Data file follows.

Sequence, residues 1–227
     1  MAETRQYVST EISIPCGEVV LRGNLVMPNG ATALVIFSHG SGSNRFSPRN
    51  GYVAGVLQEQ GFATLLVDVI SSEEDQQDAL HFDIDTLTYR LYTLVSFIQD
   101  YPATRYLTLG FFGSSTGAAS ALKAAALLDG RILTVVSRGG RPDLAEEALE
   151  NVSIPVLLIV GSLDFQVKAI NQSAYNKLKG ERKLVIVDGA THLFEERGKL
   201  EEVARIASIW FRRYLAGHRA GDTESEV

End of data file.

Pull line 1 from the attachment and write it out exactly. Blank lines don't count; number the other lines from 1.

Sequence, residues 1–227